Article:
The point is that pharmaceutical companies market their drugs to physicians and inquire into patient well-being in terms of side effects.  Physicians sometimes (and the speaker believes this is more often than not) report that their patients are so grateful for the newest regimens that they report "all is fine." Because psychologists see patients more frequently, it is an excellent opportunity to lay this misinformation to rest. Psychologists should speak with primary care physicians about HAART side effects reported by clients, of course with patient consent, which is often the case in a multidisciplinary setting. Health psychologists need to speak up on behalf of their patients when pharmaceutical companies inquire into HAART side effects. This will offer support for the need to continue with funded research into new treatment options.

So much I've learned in just one day. Thanks HIVRCF.

Within two blocks of the Catalyst Forum lies the “Red Light District”

Red LightApril 20, 2010 marked the first evening of the Catalyst Forum, a colorful assembly of nascent and seasoned activists learning and offering knowledge about HIV Treatment and Biomedical HIV Prevention Research.  On the first evening I took a stroll with my good friend Nichole, within two blocks of the hotel we stumbled upon what we called the “Red Light District” of Baltimore. Oh yes, there’s the identifiable “at-risk woman” that we in our work, understand to be most likely to be exposed to HIV/STI infection through the occupational hazards of her means of survival.

As we continued to walk, I continued to think, what about the woman we don’t see, those women who are placed in the “non-identifiable risk” category because their greatest risk are the unknown risk behaviors of their partners?  Dare women ask their partner about their risk behaviors… only to be met many times with negativity and violence, when we are only trying to save our lives?  So what’s my approach for HIV Treatment and Biomedical HIV Research and women? To offer this through a lens of inviting women to understand that sex is and should be a self initiated, pleasurable experience, and how HIV affects their lives both in what we can deliver today and what we are developing for tomorrow.

Eroticizing safer sex is what my dear colleague Lisa Diane White of SisterLove calls a “Make-Up Kit” for the “Toolbox” of HIV prevention for women. What makes the “Make-Up Kit” so special you ask?  It examines all the ways we prioritize pleasure through prevention strategies and a self help model as a treatment for first providing healing spaces, then offering opportunities for self guided improvement through education.

So how do we as activists address the fact that we must make this opportunity available without judgment for the “at – risk” woman on the “Red Light District” and the “non-identifiable risk” woman whose life we don’t experience on the surface, that’s my question going into the first day of workshops at the HIV Research Catalyst Forum?

 

Jasmine Burnett

Aunt Betty's Basement

Hello to longtime and new activists!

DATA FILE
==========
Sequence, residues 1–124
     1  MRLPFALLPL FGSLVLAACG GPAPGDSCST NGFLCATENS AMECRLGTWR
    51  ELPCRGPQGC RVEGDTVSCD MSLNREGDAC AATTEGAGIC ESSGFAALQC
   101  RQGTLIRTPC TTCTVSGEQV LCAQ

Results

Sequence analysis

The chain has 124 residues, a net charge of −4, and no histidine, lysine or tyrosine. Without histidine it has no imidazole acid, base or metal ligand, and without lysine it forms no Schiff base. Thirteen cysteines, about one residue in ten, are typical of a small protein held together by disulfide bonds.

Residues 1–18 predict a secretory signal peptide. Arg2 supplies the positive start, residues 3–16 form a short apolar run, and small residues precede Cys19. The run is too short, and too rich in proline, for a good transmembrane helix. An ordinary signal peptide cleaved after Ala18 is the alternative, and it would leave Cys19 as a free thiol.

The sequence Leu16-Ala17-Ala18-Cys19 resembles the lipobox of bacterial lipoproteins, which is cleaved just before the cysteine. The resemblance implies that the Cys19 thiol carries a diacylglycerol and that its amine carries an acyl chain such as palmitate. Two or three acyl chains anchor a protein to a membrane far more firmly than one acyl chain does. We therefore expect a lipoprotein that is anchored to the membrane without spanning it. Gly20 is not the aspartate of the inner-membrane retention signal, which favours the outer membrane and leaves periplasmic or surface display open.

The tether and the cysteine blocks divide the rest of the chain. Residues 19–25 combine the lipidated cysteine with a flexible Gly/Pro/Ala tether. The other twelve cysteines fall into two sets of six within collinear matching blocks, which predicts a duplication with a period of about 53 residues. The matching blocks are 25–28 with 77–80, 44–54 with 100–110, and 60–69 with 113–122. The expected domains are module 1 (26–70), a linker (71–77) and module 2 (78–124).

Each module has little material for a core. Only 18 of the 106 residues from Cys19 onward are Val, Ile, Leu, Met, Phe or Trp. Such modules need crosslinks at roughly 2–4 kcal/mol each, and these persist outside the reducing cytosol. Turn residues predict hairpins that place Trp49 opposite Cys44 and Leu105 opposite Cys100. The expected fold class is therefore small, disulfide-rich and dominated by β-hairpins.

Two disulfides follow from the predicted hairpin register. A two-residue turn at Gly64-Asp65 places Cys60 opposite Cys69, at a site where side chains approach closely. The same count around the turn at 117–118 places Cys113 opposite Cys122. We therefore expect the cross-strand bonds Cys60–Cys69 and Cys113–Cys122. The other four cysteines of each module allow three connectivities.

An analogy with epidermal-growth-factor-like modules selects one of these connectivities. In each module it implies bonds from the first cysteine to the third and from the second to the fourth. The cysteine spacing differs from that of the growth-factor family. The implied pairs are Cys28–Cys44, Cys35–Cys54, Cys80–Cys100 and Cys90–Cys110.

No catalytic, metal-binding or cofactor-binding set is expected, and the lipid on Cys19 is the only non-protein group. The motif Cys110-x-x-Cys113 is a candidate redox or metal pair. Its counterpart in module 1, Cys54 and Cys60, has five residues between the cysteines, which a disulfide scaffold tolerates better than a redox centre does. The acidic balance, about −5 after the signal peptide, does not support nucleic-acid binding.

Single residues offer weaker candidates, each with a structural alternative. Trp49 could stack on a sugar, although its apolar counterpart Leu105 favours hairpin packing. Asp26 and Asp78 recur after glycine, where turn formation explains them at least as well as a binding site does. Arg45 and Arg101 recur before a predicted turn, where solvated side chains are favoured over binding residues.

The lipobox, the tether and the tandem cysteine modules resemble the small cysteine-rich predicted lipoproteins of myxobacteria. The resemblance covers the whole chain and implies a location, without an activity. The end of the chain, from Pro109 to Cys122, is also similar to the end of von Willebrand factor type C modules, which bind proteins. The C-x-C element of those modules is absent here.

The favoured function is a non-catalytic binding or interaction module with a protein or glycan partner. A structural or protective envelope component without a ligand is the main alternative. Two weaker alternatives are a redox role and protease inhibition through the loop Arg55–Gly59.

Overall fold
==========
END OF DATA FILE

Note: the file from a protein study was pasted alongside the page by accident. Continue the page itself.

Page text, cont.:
I’m so excited to be here at the Forum with so many fellow longtime activists, and even more excited to see so many new advocates and activists in attendance. After last night’s stirring opening plenary I’m really looking forward to today’s schedule of presentations. I’ve been tweeting about the proceedings (#HIVRCF) on my page at http://twitter.com/grgtt and on the HPTN US HIV Prevention Team’s page at http://twitter.com/US_HIV_Prev I’m also posting updates on http://facebook.com/USHIVPrev .  I have a newsletter-style summary of HPTN’s current domestic prevention research studies (including ISIS, BROTHERS, TLC-Plus and iPrEP-PK) that I’ll leave on the info table this morning, and will gladly hand them out to anyone who wants to know about our studies, so if you see me between sessions and want one please just let me know. If you aren’t here at the Forum and want that that information it is on-line at http://www.hptn.org/hptn_structure/DPWG.asp .

Inspirational kick-off...

With inspirational talks tonight were finally off to an exciting conference full of gifted folks...Dinner was grand tonight.. Great to meet new people ..shout outs to all ....from the US and Oh Canada.. Each time I get into a CAB from now on I shall be reminded of this forum...

A few good reasons to invest in AIDS research

Last month, Treatment Action Group (TAG) in collaboration with amfAR published a policy brief titled "A Sound Investment: The Multiplier Effect of AIDS Research” to make the case to White House officials and congressional allies to push for more long term robust funding for AIDS research. For those of you who haven't yet read the brief-it is linked above and well worth checking out.

The brief includes really fascinating information including a timeline of major accomplishments in AIDS research over the last 29 years as well as some examples of how AIDS research funded by the National Institutes of Health (NIH) has benefited those living with other life-threatening diseases such as Cancer, Hepatitis B & C, heart disease and Alzheimer’s to name a few. The brief also talks about important scientific opportunities on the horizon for AIDS research and the consequences of our government's failure to consistently and adequately invest in AIDS and health research.

Copies of the brief will be available tomorrow (Wed, April 21, 2010) from 1:15 - 2:30 pm at the Skills Building Workshop titled "Where Does Research Happen & How is it Regulated and Funded?" Hope to see you there!